So while Manitowoc reels under pressure, Illinois Tool Works’ margins have edged up over the years. In fact, Terex (NYSE: TEX) is the only company Manitowoc manages to beat in its game. Others trump it easily, and there’s reason.
Illinois Tool Works competes with Manitowoc primarily in the food-service equipment space, but that’s just one part of its portfolio. While Manitowoc runs two businesses, Illinois Tools Works is a mega conglomerate that makes equipment catering largely to transportation and power industries. Packaging and chemicals are some other businesses it manages. So the diversity allows Illinois Tool Works to tackle business cycle swings well, and offset weakness in one business with strength in another.
Caterpillar is digging greater benefits out of its mining business than construction; and the former has actually emerged as its face-saver and profit machine in recent times. Deere (NYSE: DE) is known more for its tractors than excavators or loaders. Dominance in the resilient agriculture sector means Deere can maintain margins even when its other business, construction and forestry, faces headwinds. By now, you must have already guessed why Terex lags the group. With construction equipment as its main and sole business, Terex is the hardest hit by economic downturns.
Strangely, the two worst performers also command the highest valuations at today’s price. Markets probably see a lot of hidden potential, as evidenced by the sharp fall in their forward P/E.
|Company||Profit margin||Operating margin||Return On Equity||Trailing P/E||Forward P/E|
Source: Yahoo! Finance
But where will the growth come from for Manitowoc? On its construction side, Brazil is an opportunity as Manitowoc’s new factory rolls out rough-terrain cranes in time for World Cup 2014. The company is expanding in China as well, which is also Caterpillar’s favorite investment zone. Construction activity in the U.S. is also picking up, albeit slowly. Manitowoc’s crane orders slipped 19% in the last quarter, confirming the sluggishness. On the foodservice front, it all depends on Manitowoc’s customers. If they grow, so will Manitowoc. One of them, McDonald’s, plans to open 1,500 to 1,600 restaurants this year. It sounds good, but the restaurant industry has too many challenges to tackle to expect boisterous growth so soon.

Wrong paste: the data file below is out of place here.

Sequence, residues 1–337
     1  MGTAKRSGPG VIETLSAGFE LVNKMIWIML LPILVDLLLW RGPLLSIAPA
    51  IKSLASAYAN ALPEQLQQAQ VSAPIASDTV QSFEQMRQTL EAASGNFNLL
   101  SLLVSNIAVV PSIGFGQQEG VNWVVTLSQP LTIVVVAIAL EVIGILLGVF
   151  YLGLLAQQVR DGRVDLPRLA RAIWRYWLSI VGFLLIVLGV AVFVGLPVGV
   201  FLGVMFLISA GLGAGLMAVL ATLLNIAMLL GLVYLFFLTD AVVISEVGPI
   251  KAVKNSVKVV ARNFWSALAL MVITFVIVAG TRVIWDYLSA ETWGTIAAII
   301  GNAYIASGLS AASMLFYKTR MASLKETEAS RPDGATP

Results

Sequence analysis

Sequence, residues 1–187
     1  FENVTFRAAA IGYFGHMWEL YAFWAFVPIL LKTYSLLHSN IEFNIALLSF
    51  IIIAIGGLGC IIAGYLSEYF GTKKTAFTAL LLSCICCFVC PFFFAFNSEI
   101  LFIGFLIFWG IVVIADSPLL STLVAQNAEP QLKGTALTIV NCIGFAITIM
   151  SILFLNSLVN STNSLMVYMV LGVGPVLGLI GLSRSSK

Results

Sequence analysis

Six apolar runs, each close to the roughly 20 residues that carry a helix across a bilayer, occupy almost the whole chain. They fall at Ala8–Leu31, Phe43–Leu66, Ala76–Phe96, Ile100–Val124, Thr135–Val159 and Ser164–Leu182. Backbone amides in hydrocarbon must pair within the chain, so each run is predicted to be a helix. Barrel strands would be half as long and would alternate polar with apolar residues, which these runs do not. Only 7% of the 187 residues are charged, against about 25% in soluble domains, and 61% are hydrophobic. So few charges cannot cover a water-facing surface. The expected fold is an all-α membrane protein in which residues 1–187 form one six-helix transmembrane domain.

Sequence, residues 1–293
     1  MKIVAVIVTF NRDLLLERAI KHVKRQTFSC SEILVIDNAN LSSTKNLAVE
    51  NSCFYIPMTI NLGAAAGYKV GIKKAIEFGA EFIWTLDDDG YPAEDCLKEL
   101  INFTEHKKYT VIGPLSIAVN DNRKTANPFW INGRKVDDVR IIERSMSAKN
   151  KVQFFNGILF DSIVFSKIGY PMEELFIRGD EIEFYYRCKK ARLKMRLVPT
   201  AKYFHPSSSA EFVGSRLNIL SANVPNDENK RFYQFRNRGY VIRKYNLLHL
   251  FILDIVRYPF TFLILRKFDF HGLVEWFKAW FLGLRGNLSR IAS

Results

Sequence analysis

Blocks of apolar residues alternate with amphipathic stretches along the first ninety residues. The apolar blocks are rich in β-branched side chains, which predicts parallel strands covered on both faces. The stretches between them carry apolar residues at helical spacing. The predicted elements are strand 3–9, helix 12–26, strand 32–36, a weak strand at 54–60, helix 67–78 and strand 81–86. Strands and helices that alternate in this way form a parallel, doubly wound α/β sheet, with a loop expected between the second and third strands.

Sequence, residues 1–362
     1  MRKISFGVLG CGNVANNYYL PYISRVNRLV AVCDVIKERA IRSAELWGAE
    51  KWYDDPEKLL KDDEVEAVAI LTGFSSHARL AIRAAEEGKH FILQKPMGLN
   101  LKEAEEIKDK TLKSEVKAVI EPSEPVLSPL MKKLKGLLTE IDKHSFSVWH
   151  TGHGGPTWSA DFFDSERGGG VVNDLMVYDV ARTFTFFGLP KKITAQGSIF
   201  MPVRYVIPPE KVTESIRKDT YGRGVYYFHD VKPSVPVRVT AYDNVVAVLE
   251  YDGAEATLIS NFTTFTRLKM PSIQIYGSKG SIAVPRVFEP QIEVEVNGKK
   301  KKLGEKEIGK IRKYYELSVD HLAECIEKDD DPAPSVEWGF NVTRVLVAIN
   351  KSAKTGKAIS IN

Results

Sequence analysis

The Foolish bottom line
In short, Manitowoc’s story doesn’t justify its premium valuation. Its current prices and recent run up suggests expectations might have already been factored in. Europe is another serious concern. Manitowoc is trying to cut down costs, but as long as revenue and cash flows do not grow, it will be a tough game.
I’d prefer paying attention to Manitowoc’s peers right now. What about you? Shoot off your views in the Comments section below.
Neha Chamaria has no position in any stocks mentioned. The Motley Fool recommends Illinois Tool Works. Try any of our Foolish newsletter services free for 30 days. We Fools may not all hold the same opinions, but we all believe that considering a diverse range of insights makes us better investors. The Motley Fool has a disclosure policy. Is this post wrong? Click here. Think you can do better? Join us and write your own!